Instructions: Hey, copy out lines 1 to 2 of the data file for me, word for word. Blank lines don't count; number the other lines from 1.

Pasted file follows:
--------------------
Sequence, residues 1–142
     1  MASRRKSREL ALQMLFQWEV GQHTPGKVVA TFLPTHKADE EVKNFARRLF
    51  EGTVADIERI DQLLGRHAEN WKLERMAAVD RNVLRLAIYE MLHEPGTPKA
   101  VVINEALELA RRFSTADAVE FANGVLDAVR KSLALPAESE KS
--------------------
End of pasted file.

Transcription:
Sequence, residues 1–142
     1  MASRRKSREL ALQMLFQWEV GQHTPGKVVA TFLPTHKADE EVKNFARRLF